Peno Creek (December 6, 1866) – During this bloody year along the Bozeman Trail, the warring tribes often made attacks on soldiers who were away from Fort Phil Kearny on wood-cutting details. After one such assault, which occurred about four miles from Fort Phil Kearny, post commander Colonel Henry B. Carrington led 25 soldiers under Lieutenant George W. Grummond north of Lodge Trail Ridge and sent Captain William J. Fetterman and Lieutenant Horatio S. Bingham with another group northwest toward the wood wagons. The plan was for Fetterman to drive the Indians from the west side of Lodge Trail Ridge towards Carrington and his men, who would attack them.
However, something with wrong with the plan. When Lieutenant Bingham and some of the troops were riding ahead of the rest of their group, they spied a few Indians along Peno Creek and rode after them, only to be ambushed by a larger group of warriors. Captain Fetterman arrived just as many of the soldiers were fleeing. Carrington and Fetterman pulled back to the fort. In the battle, Lieutenant Bingham, two sergeants, and four privates were wounded. An estimated ten Indians were killed.
More Indian Resistance
In the winter of 1876, five men from Lander were hunting and trapping on the Big Wind River and were attacked by Indians. Their bodies were not found until the following spring. Two of them — Thomas Cook and a man named Spencer, were killed near the mouth of Bridger Creek and their camp plundered. Three more men — James Lisight, B. C. Anderson and a man named Davis were killed on Lisight Creek about two miles from Bridger Creek and one of its tributaries. Their camp was also plundered. On January 13, 1877, a party of 14 hostile Indians ambushed a five-man detachment of the U.S. 3rd Cavalry in the vicinity of Elkhorn Creek, in Wyoming.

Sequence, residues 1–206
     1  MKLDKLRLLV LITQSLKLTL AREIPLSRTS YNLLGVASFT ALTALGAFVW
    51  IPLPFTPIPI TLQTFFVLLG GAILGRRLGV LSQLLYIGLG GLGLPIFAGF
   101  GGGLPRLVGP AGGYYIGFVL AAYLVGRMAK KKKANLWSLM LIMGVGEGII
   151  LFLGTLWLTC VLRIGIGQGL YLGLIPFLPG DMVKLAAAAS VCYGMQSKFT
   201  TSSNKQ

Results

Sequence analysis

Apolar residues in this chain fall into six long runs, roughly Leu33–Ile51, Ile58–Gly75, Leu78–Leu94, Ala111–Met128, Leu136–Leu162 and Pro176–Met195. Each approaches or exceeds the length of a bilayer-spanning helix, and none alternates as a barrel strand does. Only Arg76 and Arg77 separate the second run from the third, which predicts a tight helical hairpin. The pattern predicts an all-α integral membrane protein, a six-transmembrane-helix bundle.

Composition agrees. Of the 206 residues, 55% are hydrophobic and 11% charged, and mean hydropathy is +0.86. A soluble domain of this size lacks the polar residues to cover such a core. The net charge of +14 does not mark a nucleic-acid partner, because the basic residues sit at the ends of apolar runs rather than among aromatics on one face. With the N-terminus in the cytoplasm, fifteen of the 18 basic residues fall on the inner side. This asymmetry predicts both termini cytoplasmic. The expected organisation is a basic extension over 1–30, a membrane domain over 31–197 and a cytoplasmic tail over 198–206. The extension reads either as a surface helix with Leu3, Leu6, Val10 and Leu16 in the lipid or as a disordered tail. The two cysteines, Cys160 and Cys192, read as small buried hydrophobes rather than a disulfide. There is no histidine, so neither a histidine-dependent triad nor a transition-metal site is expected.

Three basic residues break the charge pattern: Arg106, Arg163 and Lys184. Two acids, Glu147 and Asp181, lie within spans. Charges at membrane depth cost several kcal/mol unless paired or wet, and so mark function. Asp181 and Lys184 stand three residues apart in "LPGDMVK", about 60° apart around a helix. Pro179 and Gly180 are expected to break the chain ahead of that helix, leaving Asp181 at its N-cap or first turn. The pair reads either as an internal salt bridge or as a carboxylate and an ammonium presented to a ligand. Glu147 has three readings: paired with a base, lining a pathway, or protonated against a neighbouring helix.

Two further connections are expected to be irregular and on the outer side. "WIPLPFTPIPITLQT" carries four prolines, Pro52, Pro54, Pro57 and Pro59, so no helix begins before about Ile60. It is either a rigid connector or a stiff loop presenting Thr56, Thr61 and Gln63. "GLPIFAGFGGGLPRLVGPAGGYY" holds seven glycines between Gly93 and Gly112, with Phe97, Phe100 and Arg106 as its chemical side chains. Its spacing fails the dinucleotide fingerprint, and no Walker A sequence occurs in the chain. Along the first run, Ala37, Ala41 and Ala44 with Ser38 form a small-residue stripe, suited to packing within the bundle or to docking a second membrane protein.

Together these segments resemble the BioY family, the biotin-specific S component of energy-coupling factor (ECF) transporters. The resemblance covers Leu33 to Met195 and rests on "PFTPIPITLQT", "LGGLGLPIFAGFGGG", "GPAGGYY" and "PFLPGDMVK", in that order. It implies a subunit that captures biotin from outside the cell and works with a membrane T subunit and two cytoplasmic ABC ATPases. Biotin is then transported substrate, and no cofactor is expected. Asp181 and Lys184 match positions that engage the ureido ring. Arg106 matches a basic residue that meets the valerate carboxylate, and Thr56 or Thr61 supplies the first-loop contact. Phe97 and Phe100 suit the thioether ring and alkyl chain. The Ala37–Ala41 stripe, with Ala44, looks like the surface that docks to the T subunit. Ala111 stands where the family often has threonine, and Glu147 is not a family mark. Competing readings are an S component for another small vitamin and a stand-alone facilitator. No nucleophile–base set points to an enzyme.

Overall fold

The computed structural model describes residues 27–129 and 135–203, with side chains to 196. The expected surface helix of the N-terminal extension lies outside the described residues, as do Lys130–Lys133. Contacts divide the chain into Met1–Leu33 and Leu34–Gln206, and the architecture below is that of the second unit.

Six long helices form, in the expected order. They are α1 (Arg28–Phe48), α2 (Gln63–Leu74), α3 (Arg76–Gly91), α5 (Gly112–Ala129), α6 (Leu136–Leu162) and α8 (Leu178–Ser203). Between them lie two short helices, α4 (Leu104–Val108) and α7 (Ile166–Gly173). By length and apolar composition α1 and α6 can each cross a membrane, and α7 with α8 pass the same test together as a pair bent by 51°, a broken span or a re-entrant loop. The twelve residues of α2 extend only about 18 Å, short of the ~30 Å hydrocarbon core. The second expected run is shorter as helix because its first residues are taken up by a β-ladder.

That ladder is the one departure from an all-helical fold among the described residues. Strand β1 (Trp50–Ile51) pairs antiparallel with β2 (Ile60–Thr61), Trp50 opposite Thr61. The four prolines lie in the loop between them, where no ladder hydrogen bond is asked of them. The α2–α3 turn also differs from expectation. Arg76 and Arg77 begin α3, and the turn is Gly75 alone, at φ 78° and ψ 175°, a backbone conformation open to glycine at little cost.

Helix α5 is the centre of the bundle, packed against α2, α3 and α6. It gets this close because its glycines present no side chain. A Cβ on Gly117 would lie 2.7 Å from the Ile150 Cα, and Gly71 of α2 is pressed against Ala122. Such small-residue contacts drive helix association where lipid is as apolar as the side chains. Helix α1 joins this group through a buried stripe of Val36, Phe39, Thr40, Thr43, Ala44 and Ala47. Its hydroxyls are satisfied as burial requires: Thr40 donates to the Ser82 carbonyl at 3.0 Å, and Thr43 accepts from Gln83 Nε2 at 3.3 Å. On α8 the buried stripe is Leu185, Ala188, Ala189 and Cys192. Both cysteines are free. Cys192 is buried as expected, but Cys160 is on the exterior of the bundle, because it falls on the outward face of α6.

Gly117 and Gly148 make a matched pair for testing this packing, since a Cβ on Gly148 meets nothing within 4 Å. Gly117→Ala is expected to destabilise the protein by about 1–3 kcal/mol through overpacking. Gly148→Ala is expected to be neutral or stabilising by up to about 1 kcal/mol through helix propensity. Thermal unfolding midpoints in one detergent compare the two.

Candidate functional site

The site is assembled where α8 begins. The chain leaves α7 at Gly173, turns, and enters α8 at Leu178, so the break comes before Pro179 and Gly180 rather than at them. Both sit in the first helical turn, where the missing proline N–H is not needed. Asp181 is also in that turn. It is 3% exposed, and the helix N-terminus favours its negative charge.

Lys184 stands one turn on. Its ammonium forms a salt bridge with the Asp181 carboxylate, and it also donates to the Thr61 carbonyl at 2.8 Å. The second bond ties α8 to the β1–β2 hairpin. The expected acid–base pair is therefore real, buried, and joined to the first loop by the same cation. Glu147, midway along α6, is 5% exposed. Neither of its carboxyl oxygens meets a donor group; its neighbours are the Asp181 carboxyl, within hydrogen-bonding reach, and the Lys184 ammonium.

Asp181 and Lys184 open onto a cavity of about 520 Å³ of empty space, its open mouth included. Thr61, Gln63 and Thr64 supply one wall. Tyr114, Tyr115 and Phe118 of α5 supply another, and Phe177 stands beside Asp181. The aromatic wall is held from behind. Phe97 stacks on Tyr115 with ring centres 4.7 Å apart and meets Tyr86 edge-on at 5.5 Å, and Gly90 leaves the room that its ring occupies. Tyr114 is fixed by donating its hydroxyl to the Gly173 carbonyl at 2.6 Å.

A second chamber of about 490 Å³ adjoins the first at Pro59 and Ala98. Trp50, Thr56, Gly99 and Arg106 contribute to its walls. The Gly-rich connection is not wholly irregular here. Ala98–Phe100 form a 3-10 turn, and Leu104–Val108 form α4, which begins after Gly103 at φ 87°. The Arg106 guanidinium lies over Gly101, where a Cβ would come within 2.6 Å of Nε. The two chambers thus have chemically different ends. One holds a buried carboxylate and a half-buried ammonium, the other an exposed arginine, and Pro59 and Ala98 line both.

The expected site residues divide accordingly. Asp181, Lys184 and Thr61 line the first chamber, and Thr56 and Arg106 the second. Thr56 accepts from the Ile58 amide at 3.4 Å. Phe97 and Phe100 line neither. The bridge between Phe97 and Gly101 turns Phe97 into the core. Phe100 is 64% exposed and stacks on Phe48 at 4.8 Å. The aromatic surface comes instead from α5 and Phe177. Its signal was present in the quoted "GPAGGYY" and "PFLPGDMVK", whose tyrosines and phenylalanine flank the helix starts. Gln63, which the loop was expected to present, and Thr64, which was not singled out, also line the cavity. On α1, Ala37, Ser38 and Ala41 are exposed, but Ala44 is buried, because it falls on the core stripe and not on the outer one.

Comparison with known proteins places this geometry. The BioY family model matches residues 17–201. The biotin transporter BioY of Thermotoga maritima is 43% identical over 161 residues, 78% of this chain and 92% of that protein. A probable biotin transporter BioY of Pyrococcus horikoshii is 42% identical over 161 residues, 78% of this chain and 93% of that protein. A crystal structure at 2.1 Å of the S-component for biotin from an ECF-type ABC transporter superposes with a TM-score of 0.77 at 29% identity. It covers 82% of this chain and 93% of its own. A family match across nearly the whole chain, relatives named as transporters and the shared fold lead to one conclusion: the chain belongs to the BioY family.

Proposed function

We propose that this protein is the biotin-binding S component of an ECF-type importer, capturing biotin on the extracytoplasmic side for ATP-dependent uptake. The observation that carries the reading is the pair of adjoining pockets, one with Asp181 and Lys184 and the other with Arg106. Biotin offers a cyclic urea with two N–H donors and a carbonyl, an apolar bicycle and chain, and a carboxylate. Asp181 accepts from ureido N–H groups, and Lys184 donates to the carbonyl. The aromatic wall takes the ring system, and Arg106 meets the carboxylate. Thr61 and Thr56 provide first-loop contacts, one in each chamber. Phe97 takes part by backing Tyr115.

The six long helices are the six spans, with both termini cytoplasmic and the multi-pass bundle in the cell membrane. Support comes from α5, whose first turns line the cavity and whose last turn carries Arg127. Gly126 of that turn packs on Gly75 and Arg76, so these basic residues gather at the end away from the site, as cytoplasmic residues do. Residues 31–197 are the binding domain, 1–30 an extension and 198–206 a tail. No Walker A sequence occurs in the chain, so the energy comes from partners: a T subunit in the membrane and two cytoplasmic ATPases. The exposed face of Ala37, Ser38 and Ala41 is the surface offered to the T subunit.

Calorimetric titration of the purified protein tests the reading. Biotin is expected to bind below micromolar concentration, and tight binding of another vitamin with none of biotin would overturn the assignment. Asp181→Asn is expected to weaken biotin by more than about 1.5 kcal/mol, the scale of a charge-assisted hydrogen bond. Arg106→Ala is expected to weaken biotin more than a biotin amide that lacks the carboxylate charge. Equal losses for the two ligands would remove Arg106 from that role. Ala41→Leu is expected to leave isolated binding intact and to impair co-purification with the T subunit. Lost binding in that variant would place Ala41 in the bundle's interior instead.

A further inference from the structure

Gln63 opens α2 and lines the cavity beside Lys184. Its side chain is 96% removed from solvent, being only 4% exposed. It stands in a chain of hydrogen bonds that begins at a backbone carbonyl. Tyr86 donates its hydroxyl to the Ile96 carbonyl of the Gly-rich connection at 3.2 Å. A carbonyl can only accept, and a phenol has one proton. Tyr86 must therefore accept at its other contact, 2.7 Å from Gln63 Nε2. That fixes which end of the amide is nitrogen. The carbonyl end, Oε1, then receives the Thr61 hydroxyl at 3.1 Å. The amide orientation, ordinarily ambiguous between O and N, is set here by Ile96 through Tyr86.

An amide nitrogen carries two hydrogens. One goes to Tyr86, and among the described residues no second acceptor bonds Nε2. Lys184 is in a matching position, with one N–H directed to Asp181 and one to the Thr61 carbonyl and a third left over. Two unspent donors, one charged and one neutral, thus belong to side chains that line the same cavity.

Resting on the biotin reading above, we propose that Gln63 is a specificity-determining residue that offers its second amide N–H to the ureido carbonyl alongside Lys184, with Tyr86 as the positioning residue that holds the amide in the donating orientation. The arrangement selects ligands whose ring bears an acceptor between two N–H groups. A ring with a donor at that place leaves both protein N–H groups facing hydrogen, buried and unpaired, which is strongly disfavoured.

From January 20-22, 1877 the 3rd U.S. Cavalry clashed with hostile Indians in and around Bluff Station, Wyoming. Sergeant William B. Lewis was awarded the Congressional Medal of Honor for his bravery in the skirmish.
In the spring of 1877, a party of miners from Fort McKinney was attacked on the Dry Fork of the Bad Water River and two of them were killed. Barney Hill, of the party, was shot through five times and left for dead, but came to and by crawling most of the way, reached the Sweetwater River where he was found several days later by prospectors and was brought to J. M. Bied’s place on Willow Creek and from there, taken to the Post hospital where he fully recovered. He afterward committed suicide in Montana.
In April 1877, a band of about a dozen Arapaho braves stole 13 head of horses and mules from Lander and were followed by nine men some 70 miles to Muskrat, where they were overtaken and a sharp fight ensued. In the skirmish, John McCullom and Pap Conant were wounded and several horses were killed. It was thought two or three Indians were killed or several wounded. At one time, the Lander settlers got possession of all the horses, but during the fight, the Indians re-took them and then hard pressed the whites halfway back to Lander